Thursday, February 3, 2005

New 71-passenger buses ready

By SUE WATSON
Staff Writer

The Marshall County School District has four new school buses to add to the fleet.

Potts Camp, Galena, Byers and Byhalia will each get one of the buses, according to Don Randolph, superintendent.

The four buses, equipped with Mercedes-Benz diesels, automatic transmission and white tops to help keep the passenger areas cooler during hot weather, cost the school district $47,500 each. A new bus to transport special needs students has been ordered at a cost of $62,500, and will be used to serve the Potts Camp and Galena schools, he said.

Randolph said it has been two years since the district ordered a new bus. He wants to order a few new buses every year to replace those that should be retired from the fleet, used as substitute buses or sold. The old gasoline and propane fueled buses are going to be phased out of the fleet as they become no longer road worthy, he said. Major work on the diesels will be done in Batesville but bus shop workers will also take care of routine maintenance on these new engines.

“The students are the most important commodity we have,” Randolph said last week as he and transportation director R.C. Anderson inspected the new equipment before it is put on the route.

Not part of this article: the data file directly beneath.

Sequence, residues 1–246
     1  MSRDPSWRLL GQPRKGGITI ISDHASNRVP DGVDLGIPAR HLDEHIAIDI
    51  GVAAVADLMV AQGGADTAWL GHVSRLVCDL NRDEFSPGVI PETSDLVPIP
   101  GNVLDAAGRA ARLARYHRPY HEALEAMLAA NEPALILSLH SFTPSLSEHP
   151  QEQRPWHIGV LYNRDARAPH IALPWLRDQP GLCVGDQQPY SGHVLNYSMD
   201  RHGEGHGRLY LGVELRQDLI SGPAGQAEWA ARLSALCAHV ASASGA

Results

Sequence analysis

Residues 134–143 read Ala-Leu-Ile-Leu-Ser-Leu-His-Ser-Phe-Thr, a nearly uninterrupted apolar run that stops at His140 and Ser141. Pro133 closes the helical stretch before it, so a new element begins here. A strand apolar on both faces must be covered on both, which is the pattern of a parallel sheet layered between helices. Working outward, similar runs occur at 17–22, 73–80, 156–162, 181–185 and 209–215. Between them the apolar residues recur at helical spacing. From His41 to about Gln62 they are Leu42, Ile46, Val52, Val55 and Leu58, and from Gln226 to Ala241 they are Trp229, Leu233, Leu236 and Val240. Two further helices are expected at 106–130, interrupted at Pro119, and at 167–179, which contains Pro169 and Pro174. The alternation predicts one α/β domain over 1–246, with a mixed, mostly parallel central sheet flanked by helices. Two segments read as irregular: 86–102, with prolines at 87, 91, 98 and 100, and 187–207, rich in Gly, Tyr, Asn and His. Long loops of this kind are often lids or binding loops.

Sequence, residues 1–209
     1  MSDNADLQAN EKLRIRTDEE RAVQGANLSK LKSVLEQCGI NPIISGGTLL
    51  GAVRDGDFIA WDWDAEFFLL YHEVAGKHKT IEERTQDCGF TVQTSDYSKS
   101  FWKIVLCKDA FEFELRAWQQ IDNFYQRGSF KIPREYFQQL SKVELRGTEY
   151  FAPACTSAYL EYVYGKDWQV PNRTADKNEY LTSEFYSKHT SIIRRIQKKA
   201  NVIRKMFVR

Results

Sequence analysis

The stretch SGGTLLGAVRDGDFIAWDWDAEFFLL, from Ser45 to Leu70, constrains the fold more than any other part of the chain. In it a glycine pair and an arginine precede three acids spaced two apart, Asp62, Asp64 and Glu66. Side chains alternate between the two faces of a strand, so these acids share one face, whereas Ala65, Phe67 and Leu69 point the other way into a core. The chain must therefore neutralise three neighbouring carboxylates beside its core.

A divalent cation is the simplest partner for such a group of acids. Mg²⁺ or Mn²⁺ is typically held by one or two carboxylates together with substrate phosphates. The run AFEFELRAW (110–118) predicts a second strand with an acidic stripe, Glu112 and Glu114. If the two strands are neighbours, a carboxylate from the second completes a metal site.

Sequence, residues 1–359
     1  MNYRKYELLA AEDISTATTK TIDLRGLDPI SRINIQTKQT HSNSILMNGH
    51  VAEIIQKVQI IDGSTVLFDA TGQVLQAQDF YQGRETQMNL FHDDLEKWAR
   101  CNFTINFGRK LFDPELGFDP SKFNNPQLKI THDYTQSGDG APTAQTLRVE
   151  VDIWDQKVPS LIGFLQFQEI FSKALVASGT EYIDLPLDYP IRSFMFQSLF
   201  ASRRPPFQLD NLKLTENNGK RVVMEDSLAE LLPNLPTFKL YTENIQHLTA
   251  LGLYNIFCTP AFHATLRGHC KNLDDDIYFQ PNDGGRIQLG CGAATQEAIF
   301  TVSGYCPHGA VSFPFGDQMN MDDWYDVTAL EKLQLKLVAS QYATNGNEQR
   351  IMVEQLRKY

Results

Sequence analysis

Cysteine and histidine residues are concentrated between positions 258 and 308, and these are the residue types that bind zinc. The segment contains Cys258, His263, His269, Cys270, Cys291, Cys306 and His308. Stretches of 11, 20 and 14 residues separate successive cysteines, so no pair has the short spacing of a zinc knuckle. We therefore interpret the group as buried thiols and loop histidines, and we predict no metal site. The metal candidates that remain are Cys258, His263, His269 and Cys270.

He said school officials would be more relaxed when the new buses are used for athletic trips and other activities. These buses are equipped with all the safety features.

“When they leave home, we want to feel like they are going to get back home,” he said.

The special bus for the handicapped will arrive in February. It will carry 24 passengers and features four wheelchair tie-downs, eight seat belts equipped with harnesses and air conditioning.

Randolph said the school district expects to provide for more special needs students rather than transport them to Oxford.

Randolph climbed into the driver’s seat, touched the ignition and the diesel engine purred.

“I used to be an old hand at these. I would drive a school bus every day,” he said, adding that he and Anderson both drove buses every day while serving at H.W. Byers as principals.

Most school principals have commercial driver’s licenses so they can be substitute drivers, Randolph said.

“We’re always looking for new drivers,” he added.

Charlie Taylor supervises the bus shop. He has worked at the shop for over 20 years.


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